Tradition names Mt. Tabor as the site of the revelation. A church first raised there in the fourth century was dedicated on August 6. A feast in honor of the Transfiguration was celebrated in the Eastern Church from about that time. Western observance began in some localities about the eighth century.
All of us have dreams. The future is born of dreams. What we are enjoying today is the result of the dreams of our forefathers. Much progress has been made in the scientific and technological world because people dare to dream the impossible dream. It is important that we have our own dream. We live on because of our dreams. Without dreams, life would be meaningless. We would just drift through the life, living in the past, without zeal and passion.
Abraham in the first reading was given a great dream for his people. He heard the Lord telling him, “Leave your country, your family and your father’s house, for the land I will show you. I will make you a great nation; I will bless you and make your name so famous that it will be used as a blessing.” Upon the reception of this dream, Abraham set out, not knowing clearly where this would lead him to. All he knew was that God had a big plan for his people. It was a dream for a better life than what they were already having.
In the second reading too, we read of the dream of St Paul. He wrote, “This grace had already been granted to us, in Christ Jesus, before the beginning of time, but it has only been revealed by the Appearing of our savior Christ Jesus. He abolished death, and he has proclaimed life and immortality through the Good News.” St Paul’s dream was to offer life and immortality to all. In preaching the gospel of our Lord Jesus Christ, his dream was that all who come to Him will find fullness of life, joy and peace. The Good News that St Paul taught is that the Father loves us in Christ Jesus and we are saved by His death and resurrection. All that is needed is faith in Him, given through grace. We are saved not because we are good or because of good works but purely by the grace of God.
In the gospel, the Lord was given a dream, a preview of what was to take place. He had a vision. “There in their presence he was transfigured: his face shone like the sun and his clothes became as white as the light. Suddenly Moses and Elijah appeared to them; they were talking with him.” God revealed to Jesus the future glory that had always been His. This is the glory that is to be shared with us. When we follow Jesus we too will be transfigured in time to come. Through this experience, Jesus was affirmed to be the New Law and the final prophet. He is the new Moses and the new Elijah.
Today, the dream of the universal Church is the New Evangelization, of making the Good News relevant to Catholics and understood by those who are searching for truth, love and life. We are called to proclaim the Good News, which in today’s terms is to show forth the compassionate face of God in Christ Jesus. Whereas Pope Emeritus Benedict underscored the love of God in Christ, the thrust of Pope Francis is to concretize this love of God in His mercy.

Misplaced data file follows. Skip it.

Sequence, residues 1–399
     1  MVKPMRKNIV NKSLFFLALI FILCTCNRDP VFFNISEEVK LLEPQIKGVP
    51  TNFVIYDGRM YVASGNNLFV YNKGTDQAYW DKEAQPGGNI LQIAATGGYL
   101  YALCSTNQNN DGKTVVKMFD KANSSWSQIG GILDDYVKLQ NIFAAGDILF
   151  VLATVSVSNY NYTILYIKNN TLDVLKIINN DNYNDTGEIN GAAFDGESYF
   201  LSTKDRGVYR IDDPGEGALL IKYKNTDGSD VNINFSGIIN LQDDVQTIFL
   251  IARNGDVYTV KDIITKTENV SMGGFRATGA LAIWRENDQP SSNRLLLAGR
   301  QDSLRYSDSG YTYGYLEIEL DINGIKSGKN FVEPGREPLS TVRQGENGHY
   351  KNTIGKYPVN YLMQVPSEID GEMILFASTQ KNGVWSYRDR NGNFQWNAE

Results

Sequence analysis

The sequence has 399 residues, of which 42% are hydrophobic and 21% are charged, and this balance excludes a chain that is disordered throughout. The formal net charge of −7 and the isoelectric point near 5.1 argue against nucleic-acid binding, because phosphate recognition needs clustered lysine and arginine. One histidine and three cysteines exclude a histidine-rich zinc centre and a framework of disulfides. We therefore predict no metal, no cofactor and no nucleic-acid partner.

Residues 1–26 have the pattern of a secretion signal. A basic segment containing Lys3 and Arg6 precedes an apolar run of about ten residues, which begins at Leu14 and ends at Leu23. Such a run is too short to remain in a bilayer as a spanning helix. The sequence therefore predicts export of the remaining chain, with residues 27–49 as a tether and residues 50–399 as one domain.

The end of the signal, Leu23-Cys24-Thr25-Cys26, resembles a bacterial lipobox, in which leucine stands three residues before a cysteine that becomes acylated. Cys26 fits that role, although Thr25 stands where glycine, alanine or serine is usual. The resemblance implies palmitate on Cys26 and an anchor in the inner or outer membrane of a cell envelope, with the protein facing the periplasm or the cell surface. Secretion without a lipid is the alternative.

Indeed, more than ever, in this harsh world today, where competition is tough and we are rewarded for the good work we do and punished mercilessly for the mistakes we make, we need to proclaim the mercy of God. This is the reason why Pope Francis wants us to go beyond the rigid laws and change the image of the Church as an institution that is cold and without a heart. Pope Francis wants the world to encounter God’s compassionate love in Christ Jesus who comes to forgive us all our sins, to give us courage and hope, not to condemn us but to save us from perdition. Accordingly, it is important to go back to the spirit of the laws rather than just insisting on the letter of the laws.
The Good News therefore is directed principally at the poor, those who are spiritually poor and those who are materially poor. He wants the Church to move out of her comfort zone and to be with the poor. Many Catholics have stopped coming for mass. Some have left the Church completely. Many of us are struggling in our sins, especially those related to lust, greed, envy, pride and anger. The Church must show herself to be inclusive. Not everyone can live up to the ideals of the gospel yet. The Church, being a Church for sinners, should welcome all those who are struggling to live up to the teaching of Christ. The divorced, people of same sex orientation, the sick and the poor must find a home in the Church. This is the essence of the Good News, that Jesus loves us all, including the sinners.
But realizing our dreams for the Church and the country is not easy. When we seek to make changes, inevitably, we are faced with opposition, not so much from without as from within. This was the same for Abraham, Christ and for Paul. People oppose change for many reasons. Some oppose it because the vision of their leaders is not their vision. Some feel threatened because of the change of status quo and their comfort zone is affected. Others are constrained by their strict dogmatic beliefs and feel that the Church is abandoning her traditions and the truth of the gospel. Some are not able to feel with those who are marginalized in Church and even at home. Leaders too suffer much opposition from those people who are not happy with our attempts to bring the Church forward because their convenience is compromised.